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Discussion Starter · #1 ·
i was thinking of putting FSA carbon K wings on my 'cross bike this fall. most of my mountain buddies laughed and said see you in the e.r. anyone out there have luck withthem or is this just a really bad idea? i tip the scale at 185. and tend to ride my cross bike like my mountain bike, agressive in corners and down technical areas. thanks for any advice.
 

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midget said:
i was thinking of putting FSA carbon K wings on my 'cross bike this fall. most of my mountain buddies laughed and said see you in the e.r. anyone out there have luck withthem or is this just a really bad idea? i tip the scale at 185. and tend to ride my cross bike like my mountain bike, agressive in corners and down technical areas. thanks for any advice.
I don't think there is anything inherently dangerous about carbon bars, but on a cross bike? What is the point? There is no point being a weight weenie, and why do you need wings?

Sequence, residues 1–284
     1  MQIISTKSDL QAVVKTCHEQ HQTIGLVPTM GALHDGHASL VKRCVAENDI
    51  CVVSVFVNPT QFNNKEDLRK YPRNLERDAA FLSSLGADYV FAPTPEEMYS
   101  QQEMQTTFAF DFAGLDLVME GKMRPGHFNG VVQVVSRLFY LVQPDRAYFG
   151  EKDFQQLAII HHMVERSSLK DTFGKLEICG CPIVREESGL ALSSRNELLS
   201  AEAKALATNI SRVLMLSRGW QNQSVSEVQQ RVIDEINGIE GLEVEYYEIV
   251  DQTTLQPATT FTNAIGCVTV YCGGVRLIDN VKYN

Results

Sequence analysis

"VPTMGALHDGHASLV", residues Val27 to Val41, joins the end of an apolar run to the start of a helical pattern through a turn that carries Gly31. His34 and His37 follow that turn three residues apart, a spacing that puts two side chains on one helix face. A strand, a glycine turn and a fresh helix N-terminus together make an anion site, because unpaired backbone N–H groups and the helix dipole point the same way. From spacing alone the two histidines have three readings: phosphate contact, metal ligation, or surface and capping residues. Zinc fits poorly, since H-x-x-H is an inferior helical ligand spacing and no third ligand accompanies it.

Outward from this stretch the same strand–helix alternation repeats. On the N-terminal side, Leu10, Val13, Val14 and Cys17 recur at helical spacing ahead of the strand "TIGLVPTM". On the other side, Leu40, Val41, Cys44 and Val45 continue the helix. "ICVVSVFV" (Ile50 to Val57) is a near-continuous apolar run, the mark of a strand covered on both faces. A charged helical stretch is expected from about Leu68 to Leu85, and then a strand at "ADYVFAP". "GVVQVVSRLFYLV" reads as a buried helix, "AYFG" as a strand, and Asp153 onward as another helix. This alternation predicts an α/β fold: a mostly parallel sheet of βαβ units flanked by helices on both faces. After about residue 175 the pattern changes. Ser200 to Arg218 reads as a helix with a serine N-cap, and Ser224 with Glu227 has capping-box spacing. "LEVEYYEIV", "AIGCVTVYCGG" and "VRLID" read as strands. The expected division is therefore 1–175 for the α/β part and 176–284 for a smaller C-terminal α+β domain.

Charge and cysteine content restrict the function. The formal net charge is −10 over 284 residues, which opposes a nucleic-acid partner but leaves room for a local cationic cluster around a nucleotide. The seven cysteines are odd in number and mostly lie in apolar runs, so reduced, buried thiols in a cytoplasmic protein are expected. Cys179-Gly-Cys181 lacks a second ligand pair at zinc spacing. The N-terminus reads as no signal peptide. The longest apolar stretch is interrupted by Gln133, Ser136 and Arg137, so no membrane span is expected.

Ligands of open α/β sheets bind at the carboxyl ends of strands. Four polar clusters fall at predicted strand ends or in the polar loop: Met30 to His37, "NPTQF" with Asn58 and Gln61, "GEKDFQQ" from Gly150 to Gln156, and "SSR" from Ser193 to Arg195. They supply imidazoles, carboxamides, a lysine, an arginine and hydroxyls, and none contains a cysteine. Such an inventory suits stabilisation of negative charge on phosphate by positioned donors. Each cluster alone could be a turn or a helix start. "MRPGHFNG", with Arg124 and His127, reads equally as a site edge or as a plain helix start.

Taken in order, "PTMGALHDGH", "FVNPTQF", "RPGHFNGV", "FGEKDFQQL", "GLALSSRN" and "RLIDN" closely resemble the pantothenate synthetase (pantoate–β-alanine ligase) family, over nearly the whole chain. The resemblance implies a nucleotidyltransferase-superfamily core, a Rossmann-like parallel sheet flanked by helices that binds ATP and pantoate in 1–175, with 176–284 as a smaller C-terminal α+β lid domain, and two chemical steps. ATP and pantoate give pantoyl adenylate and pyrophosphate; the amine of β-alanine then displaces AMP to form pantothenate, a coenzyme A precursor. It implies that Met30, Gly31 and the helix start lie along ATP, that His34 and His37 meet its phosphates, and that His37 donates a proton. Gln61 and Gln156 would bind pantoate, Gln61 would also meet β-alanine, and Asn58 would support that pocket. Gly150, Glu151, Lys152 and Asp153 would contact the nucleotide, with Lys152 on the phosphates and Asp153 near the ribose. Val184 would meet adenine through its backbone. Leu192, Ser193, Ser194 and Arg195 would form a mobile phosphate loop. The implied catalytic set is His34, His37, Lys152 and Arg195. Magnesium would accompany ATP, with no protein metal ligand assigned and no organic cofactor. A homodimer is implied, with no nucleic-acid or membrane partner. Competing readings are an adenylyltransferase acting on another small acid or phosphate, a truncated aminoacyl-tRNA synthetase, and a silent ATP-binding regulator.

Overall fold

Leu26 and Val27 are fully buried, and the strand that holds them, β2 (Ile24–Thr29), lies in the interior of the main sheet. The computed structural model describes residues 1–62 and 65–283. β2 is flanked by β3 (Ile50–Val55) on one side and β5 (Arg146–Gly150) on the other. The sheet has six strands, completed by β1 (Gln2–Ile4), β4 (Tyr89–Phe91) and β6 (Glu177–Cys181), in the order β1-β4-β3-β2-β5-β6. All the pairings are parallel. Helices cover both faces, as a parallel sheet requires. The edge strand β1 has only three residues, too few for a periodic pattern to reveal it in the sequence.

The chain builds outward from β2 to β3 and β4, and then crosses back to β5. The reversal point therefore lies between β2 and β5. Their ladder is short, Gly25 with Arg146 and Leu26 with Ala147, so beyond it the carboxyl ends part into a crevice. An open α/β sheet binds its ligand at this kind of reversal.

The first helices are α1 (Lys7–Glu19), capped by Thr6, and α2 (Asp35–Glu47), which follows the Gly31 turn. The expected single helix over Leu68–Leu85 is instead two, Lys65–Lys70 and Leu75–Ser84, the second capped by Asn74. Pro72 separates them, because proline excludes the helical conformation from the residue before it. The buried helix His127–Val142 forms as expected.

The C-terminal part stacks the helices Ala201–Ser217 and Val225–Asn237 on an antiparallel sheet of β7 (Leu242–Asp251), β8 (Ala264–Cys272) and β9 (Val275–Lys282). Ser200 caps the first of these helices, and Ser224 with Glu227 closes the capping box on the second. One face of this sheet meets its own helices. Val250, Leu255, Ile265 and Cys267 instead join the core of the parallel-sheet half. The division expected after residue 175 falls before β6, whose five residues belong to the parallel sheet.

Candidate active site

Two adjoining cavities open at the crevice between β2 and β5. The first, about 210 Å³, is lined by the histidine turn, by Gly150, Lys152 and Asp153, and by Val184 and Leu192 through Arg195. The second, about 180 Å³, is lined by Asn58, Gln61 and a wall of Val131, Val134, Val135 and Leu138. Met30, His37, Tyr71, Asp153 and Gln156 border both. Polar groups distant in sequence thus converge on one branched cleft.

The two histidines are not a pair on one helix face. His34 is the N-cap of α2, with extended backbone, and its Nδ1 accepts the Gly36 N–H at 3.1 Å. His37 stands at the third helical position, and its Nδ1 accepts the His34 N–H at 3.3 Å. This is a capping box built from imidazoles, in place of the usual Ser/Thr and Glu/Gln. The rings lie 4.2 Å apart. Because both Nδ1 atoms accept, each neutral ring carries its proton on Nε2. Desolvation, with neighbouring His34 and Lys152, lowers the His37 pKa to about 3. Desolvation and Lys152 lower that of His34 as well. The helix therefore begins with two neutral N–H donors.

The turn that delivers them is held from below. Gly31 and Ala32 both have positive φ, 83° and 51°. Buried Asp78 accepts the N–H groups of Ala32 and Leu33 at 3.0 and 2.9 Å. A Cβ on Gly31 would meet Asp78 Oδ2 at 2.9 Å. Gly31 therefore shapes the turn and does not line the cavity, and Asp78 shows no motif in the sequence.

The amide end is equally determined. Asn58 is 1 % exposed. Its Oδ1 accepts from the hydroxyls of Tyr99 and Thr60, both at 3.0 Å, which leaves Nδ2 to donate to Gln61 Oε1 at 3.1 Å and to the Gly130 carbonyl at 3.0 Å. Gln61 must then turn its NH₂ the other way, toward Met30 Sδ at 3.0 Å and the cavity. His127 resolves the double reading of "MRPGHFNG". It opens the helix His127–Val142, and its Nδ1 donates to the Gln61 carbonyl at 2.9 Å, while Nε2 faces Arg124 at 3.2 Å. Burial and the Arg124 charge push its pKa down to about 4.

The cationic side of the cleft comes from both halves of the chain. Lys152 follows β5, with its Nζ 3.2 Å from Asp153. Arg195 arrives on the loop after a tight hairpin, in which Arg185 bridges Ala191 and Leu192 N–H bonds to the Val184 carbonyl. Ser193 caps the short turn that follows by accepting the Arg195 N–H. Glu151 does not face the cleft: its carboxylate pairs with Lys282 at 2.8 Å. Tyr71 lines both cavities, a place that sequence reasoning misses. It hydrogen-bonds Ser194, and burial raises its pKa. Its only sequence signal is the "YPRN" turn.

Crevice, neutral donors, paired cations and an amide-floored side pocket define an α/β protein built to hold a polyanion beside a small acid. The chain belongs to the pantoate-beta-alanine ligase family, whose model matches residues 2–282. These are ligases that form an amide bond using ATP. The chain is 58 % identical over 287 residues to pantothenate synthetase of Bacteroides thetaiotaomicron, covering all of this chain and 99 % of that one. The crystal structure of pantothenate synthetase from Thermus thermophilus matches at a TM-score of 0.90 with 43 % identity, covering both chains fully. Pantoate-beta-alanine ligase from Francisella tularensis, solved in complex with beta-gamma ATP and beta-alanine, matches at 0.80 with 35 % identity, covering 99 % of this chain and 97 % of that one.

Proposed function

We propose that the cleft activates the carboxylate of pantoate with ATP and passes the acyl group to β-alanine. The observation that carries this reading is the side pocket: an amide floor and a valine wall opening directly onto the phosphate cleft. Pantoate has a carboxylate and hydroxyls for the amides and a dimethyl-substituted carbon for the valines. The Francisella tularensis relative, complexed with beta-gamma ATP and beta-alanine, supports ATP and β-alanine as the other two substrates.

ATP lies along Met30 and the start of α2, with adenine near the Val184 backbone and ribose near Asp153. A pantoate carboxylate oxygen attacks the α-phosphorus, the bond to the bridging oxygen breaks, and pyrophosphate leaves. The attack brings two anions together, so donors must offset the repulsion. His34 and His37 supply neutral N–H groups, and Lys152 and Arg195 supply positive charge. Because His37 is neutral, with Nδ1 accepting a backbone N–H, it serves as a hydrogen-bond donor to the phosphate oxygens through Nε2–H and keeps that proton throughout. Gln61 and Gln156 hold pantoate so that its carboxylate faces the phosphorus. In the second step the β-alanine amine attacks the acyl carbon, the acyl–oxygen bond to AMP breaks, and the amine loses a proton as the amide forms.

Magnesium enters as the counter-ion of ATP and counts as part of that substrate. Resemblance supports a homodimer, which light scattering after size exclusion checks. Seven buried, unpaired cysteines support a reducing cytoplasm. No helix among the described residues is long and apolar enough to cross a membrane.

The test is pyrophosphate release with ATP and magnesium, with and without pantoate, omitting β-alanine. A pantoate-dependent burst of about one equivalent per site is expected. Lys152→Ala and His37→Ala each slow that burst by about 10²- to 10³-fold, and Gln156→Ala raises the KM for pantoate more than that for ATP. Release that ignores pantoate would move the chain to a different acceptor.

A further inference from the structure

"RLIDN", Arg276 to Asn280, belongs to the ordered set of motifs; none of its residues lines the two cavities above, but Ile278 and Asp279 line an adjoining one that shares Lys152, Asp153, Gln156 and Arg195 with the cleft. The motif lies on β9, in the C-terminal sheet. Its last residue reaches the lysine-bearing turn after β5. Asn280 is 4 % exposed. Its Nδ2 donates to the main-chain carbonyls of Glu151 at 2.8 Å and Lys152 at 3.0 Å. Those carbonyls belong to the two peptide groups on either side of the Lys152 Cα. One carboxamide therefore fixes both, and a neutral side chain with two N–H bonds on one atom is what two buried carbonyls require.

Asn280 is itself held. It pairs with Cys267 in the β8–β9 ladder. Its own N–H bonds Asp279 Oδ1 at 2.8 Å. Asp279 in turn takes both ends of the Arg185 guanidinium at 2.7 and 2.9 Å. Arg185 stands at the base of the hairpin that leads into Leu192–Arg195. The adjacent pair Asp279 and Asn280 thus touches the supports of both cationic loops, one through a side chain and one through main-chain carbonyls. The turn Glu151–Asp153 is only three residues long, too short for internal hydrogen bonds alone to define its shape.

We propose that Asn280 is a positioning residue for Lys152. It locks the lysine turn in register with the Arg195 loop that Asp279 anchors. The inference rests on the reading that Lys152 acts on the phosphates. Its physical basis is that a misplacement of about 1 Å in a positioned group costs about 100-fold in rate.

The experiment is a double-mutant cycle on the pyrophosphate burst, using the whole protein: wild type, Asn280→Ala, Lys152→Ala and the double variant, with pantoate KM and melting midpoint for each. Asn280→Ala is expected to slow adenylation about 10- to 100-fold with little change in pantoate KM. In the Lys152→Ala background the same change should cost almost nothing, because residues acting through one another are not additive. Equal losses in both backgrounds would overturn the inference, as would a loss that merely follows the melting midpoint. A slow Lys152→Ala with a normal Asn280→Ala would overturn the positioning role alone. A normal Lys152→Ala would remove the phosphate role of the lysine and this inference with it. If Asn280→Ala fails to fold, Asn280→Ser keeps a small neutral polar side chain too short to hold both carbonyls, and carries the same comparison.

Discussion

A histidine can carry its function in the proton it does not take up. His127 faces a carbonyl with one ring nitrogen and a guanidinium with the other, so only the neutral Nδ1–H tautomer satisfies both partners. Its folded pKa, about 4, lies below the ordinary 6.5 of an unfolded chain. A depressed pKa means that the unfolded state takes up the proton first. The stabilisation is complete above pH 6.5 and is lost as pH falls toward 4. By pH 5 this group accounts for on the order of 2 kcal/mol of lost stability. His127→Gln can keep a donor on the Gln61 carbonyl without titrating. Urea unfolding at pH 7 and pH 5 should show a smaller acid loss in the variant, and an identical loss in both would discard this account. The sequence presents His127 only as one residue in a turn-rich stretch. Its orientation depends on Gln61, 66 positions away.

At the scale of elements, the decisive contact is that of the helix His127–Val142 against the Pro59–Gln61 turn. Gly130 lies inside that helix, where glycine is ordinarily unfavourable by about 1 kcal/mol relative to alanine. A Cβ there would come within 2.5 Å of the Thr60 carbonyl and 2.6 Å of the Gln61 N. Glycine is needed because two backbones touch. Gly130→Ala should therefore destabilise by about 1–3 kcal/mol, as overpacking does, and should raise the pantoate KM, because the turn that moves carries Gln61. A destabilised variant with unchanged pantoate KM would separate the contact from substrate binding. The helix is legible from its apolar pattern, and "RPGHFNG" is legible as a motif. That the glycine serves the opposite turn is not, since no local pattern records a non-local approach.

If you want to be different, use moustaches.
 

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I doubt anyone is building

wide carbon road bars built to handle the vertical loads of riding off road on a rigid bike. Vertical stress on a cx bike's front end is divided between the wheel,the fork, stem and bars. since the area of highest leverage is the bars this is a focal point of stress.
this is not where you want failure to occur.
 

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Discussion Starter · #4 ·
filtersweep said:
I don't think there is anything inherently dangerous about carbon bars, but on a cross bike? What is the point? There is no point being a weight weenie, and why do you need wings?

If you want to be different, use moustaches.
the point is i have them and i like them. wings because of the fact that i like them and i have them. if i wanted to be different i would be someone else. thanks for the insults and offering no real answer or insight.
 

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Discussion Starter · #5 ·
atpjunkie said:
wide carbon road bars built to handle the vertical loads of riding off road on a rigid bike. Vertical stress on a cx bike's front end is divided between the wheel,the fork, stem and bars. since the area of highest leverage is the bars this is a focal point of stress.
this is not where you want failure to occur.